While perhaps not quite as dramatic (or confusing) as last week’s announcement by Scottrade that the discount online broker would no longer allow Canadian citizens to hold accounts, in a new surprising development, another online broker, Charles Schwab has started informing some of its clients that “between June and October 2016, Schwab will update the cash feature on your account(s) from the current retail prime or municipal money market fund sweep to the Schwab Government Money Fund” or the SWGXX, which “will invest at least 99.5% of its total assets in cash, U.S. government securities and/or repurchase agreements that are collateralized fully by cash and/or U.S. government securities; under normal circumstances, at least 80% of the fund’s net assets will be invested solely in U.S. government securities including repurchase agreements. “
In other words Schwab is telegraphing that brokerages have begun permanently unwinding hundreds of billions if not trillions in money market-funds, and rotating it almost entirely into government securities.
The stated reason for this quiet unwind is the following:
“the U.S. Securities and Exchange Commission (SEC) has made changes to the regulations that govern money market funds. These new rules are intended to increase fund liquidity and to protect investors. The changes include new restrictions related to who will be permitted to invest in “retail” money market funds, which are non-government money market funds that are allowed to maintain a constant net asset value (CNAV). As a result, beginning later this year Schwab Prime Money Market Funds and Municipal Money Market Funds will be required to limit shareholders to natural persons (i.e., individuals, as opposed to businesses, defined benefit plans, or endowments).”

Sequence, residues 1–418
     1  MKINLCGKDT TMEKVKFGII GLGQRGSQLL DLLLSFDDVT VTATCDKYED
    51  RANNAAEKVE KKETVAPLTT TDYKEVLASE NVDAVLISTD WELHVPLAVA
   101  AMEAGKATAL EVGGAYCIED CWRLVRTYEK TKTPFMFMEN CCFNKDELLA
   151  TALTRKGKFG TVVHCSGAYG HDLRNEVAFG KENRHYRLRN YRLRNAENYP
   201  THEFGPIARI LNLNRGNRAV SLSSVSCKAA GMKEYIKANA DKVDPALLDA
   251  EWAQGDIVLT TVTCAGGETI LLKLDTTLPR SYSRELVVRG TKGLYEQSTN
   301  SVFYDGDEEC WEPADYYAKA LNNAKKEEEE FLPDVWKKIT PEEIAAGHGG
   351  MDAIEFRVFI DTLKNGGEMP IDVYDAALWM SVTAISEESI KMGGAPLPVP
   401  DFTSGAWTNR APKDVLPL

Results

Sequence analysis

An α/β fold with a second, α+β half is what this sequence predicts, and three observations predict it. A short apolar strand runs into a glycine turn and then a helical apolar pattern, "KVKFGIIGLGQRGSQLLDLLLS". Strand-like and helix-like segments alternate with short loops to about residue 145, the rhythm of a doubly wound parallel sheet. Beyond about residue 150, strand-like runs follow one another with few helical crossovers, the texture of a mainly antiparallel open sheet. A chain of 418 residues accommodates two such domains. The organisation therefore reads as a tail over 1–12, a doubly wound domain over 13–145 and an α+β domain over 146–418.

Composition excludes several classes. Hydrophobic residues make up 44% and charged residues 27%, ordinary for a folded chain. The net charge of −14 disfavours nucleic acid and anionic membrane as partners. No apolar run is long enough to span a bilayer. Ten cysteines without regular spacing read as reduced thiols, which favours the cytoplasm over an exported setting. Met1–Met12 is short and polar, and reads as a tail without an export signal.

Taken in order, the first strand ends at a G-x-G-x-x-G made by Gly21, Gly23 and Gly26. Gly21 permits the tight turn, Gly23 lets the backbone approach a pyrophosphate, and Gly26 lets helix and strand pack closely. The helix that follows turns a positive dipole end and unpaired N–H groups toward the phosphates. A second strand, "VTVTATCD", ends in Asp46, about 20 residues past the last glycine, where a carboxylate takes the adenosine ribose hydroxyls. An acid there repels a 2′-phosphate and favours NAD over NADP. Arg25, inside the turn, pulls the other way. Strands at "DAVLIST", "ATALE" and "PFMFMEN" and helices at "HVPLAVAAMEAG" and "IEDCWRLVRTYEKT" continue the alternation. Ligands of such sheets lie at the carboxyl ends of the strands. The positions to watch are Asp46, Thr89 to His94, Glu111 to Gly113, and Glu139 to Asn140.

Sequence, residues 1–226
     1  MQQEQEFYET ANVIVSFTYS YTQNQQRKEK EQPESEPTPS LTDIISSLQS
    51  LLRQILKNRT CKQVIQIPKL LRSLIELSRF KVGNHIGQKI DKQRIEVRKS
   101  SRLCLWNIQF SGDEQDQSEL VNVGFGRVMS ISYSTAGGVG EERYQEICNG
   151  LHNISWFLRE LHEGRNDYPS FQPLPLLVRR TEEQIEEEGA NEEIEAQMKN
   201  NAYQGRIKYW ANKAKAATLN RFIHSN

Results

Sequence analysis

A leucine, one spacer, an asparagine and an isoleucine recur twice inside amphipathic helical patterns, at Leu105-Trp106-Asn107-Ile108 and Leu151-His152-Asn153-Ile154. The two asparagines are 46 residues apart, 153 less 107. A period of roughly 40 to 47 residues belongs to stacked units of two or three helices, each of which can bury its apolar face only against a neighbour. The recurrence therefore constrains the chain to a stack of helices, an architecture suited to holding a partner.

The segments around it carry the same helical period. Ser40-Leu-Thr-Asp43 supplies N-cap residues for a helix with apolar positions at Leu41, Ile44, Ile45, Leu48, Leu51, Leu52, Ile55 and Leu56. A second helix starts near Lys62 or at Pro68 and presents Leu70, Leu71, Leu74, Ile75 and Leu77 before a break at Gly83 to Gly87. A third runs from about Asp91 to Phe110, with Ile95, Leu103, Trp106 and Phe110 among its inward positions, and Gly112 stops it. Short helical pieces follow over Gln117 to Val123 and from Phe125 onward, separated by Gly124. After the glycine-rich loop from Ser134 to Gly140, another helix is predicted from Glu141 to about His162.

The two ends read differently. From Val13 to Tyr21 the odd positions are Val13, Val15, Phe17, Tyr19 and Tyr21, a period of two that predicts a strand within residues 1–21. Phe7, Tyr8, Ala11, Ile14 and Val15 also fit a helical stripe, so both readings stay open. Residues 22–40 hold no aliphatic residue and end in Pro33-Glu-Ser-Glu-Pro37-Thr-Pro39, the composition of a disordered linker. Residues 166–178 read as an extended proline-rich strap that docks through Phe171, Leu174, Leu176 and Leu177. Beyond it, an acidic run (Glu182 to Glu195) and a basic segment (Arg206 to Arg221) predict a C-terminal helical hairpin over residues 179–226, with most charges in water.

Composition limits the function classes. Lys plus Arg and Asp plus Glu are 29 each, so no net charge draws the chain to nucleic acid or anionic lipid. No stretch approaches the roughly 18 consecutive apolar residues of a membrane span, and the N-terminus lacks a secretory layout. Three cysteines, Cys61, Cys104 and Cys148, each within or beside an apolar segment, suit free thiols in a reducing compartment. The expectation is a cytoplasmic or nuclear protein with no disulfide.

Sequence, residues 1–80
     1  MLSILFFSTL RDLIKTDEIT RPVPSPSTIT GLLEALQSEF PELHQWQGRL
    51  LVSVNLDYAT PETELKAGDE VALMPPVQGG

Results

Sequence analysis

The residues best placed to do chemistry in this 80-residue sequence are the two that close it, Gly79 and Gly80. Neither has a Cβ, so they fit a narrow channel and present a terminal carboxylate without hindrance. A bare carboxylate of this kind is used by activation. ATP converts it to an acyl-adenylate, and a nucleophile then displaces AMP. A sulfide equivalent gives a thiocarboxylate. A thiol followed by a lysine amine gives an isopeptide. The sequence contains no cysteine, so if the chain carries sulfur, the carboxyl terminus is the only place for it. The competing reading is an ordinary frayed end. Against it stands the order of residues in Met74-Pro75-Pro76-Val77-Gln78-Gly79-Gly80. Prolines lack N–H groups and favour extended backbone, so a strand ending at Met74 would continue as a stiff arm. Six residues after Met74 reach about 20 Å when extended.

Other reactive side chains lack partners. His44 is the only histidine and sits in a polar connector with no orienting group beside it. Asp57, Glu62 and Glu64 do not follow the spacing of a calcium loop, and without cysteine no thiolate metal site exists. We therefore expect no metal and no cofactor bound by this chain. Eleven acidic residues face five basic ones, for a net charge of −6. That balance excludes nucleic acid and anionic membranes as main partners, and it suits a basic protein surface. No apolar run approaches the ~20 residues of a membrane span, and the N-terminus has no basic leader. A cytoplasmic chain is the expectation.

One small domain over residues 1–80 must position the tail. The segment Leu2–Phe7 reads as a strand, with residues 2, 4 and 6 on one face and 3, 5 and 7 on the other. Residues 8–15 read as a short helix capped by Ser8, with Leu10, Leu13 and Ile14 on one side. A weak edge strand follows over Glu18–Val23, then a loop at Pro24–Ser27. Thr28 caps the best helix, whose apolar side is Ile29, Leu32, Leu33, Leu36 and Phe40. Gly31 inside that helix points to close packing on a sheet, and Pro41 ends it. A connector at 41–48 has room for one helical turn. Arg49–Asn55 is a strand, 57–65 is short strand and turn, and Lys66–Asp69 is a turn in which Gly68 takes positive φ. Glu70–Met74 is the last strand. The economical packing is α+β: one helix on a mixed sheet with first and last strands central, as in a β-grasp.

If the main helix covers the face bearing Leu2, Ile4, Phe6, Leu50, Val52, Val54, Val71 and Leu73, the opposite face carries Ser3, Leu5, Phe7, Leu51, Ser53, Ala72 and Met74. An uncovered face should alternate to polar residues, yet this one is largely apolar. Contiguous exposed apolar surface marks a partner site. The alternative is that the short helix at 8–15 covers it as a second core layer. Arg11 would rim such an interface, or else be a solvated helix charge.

According to our records, the account(s) noted at the end of this letter is invested in a retail money market fund as defined by the SEC and the beneficial owner(s) of the account(s) is not a natural person(s). Therefore, you will not be able to maintain the position(s) in the account(s).
The unstated, if real reason may be different.
Recall that according to the punditry, one of the biggest hindrances to NIRP in the US is the trillions of dollars held in money market accounts. Well, one way of overcoming this “problem” is to preemptive begin a mandatory sweep pushing all money market-parked cash into government-linked securities. In other words, instead of roughly $2 trillion of inert cash held at money market funds (as per the latest H.6 statement), not only will a substantial portion of that cash “rotate” into Treasury holdings in the coming months (resulting in yet another key driver of demand for Treasury paper) but will also eliminate the money market overhang risk if and when the Fed decided to join the global negative interest rate scramble, and unleash NIRP.
Schwab automatically assumes that all clients affected by this change will accept: “if you are in agreement with this change in your cash feature, no response is required from you. Schwab will consider a non-response to this notice as your authorization and instruction to change your cash feature.” Those who disagree have the “option” of either sweeping their cash into th corporate bank (thus being exposed to Schwab corporate counterparty risk), or, as Schwab conveniently adds, “you also have the right to close your brokerage account(s) without penalty at any time.”
Here is the notification letter Schwab has been sending out.
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